Shark Tank, Australia: Donugs


Donugs has got to be one of the craziest, not to mention yummiest, concepts to feature on the Australian version of Shark Tank. A chicken nugget crossed with a doughnut, the sinful snack, which was pitched in season four, landed its inventors Crag Carrick and Rachel Dutton a $70,000 investment from Shark Naomi Simson in exchange for 25% of the business. We want one now.


Dragons' Den, Canada: Aurora Castle Theme Park


The Canadian Dragons' Den show hasn't been lacking in outlandish pitches either. Cue Aurora Castle Theme Park. Showcased in season four by eccentric entrepreneur Jeffrey Tradburks, who hoped to get started with a $75,000 investment, the crazy spaceship-shaped theme park would have cost over a billion dollars to build. Needless to say, the Dragons were all “oot."


Dans l'œil du dragon, Canada: Astropet


Staying in Canada, Québec's Dans l'œil du dragon ('In the Eye of the Dragon') gives the English language version a run for its money in the weird pitches stakes. For instance, Astropet was a website presented by Jérôme Matas in the first season that offers horoscopes for cats and dogs. Described by Dragon Gaétan Frigon as the most ridiculous pitch he'd ever seen, the idea was panned and Matas left with nothing.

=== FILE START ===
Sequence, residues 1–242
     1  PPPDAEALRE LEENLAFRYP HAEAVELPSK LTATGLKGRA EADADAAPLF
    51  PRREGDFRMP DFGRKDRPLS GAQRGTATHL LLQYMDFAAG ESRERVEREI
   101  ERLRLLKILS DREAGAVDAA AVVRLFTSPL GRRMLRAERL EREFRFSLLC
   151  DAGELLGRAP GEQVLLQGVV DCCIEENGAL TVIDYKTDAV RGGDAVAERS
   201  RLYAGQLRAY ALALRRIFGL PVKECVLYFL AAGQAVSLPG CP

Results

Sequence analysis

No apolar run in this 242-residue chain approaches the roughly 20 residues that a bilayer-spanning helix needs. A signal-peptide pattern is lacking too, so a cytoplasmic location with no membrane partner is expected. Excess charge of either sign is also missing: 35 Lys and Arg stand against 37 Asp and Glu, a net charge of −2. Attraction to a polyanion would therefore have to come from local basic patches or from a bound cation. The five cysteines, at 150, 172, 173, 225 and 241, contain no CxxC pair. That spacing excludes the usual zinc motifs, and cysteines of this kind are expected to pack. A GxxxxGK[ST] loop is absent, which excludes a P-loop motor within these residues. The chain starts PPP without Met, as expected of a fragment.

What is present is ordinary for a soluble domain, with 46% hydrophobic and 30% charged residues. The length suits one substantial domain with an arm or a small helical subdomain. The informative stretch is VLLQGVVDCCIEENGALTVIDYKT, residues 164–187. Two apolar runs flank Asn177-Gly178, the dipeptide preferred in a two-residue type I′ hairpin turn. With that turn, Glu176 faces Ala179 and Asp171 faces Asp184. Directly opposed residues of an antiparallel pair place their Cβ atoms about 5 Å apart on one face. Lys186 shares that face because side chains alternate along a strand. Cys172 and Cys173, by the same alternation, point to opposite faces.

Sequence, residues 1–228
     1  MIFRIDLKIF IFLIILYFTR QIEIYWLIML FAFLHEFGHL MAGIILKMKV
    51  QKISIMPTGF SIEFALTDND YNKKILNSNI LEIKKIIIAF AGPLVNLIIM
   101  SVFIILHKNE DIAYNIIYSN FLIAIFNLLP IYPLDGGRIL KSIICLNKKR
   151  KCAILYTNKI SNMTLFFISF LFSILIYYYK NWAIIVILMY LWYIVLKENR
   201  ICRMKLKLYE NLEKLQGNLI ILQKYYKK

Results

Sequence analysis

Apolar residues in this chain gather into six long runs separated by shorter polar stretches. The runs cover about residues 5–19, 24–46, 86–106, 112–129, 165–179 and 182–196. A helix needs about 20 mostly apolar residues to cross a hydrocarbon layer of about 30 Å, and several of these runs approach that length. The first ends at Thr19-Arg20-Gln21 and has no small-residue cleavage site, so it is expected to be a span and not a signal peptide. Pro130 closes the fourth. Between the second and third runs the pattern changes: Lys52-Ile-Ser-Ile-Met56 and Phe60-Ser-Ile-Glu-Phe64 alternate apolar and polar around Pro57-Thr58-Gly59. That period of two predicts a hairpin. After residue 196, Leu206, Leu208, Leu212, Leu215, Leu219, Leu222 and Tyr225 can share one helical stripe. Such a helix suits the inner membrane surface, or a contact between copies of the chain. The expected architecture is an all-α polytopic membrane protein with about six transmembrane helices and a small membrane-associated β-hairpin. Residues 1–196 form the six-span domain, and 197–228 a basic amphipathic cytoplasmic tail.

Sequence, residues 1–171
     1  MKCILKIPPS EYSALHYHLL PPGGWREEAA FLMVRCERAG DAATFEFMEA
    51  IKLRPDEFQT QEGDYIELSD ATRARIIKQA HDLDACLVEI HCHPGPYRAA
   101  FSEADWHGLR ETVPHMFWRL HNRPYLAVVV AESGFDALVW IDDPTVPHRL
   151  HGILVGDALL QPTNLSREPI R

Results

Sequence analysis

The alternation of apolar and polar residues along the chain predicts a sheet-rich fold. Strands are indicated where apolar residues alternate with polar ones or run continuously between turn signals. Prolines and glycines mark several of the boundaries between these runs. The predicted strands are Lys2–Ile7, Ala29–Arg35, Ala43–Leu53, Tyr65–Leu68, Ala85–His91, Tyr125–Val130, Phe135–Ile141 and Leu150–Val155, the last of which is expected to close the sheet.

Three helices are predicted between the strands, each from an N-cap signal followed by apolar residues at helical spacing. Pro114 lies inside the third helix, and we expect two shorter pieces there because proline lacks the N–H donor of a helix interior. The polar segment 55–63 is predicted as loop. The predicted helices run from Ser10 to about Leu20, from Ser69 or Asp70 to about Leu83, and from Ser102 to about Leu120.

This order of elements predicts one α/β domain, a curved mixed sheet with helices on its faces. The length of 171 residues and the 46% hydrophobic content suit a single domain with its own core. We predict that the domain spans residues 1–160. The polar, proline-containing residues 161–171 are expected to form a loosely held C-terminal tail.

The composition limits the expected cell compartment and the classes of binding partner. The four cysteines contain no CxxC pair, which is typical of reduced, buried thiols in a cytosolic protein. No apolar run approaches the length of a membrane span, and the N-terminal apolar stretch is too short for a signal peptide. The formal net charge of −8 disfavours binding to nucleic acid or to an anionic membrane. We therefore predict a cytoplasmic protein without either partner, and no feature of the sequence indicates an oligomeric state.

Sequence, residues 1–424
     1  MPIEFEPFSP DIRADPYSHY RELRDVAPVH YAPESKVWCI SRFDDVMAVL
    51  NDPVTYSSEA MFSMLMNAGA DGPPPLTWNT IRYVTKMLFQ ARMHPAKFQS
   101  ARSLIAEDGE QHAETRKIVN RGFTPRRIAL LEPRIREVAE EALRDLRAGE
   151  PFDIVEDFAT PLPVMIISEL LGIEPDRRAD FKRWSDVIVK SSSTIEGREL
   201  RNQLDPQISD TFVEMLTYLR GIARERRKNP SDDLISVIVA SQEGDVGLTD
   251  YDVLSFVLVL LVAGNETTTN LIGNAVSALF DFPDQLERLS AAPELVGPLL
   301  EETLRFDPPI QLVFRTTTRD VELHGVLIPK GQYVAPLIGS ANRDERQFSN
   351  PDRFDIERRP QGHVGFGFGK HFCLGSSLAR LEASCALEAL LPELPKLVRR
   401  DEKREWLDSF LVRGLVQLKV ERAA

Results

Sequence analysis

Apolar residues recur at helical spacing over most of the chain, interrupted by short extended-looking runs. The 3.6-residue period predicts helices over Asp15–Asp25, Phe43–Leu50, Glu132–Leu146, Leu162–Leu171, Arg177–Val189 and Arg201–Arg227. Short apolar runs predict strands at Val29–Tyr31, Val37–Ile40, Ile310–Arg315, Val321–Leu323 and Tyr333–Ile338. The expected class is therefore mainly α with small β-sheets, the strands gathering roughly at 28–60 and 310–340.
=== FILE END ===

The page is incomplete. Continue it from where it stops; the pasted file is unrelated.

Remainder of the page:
Shark Tank, USA: RokBlok


Spelling the end for the record player, former Apple creative Logan Riley brought the house down when he pitched his RokBlok wireless portable vinyl player, a world first and the smallest ever invented, on season nine of the show. The size of a matchbox, the wooden contraption can be placed on any record et voilà. Riley cashed in with a $500,000 investment from Robert Herjavec for 100% of the company and a royalties deal of $5 per unit sold.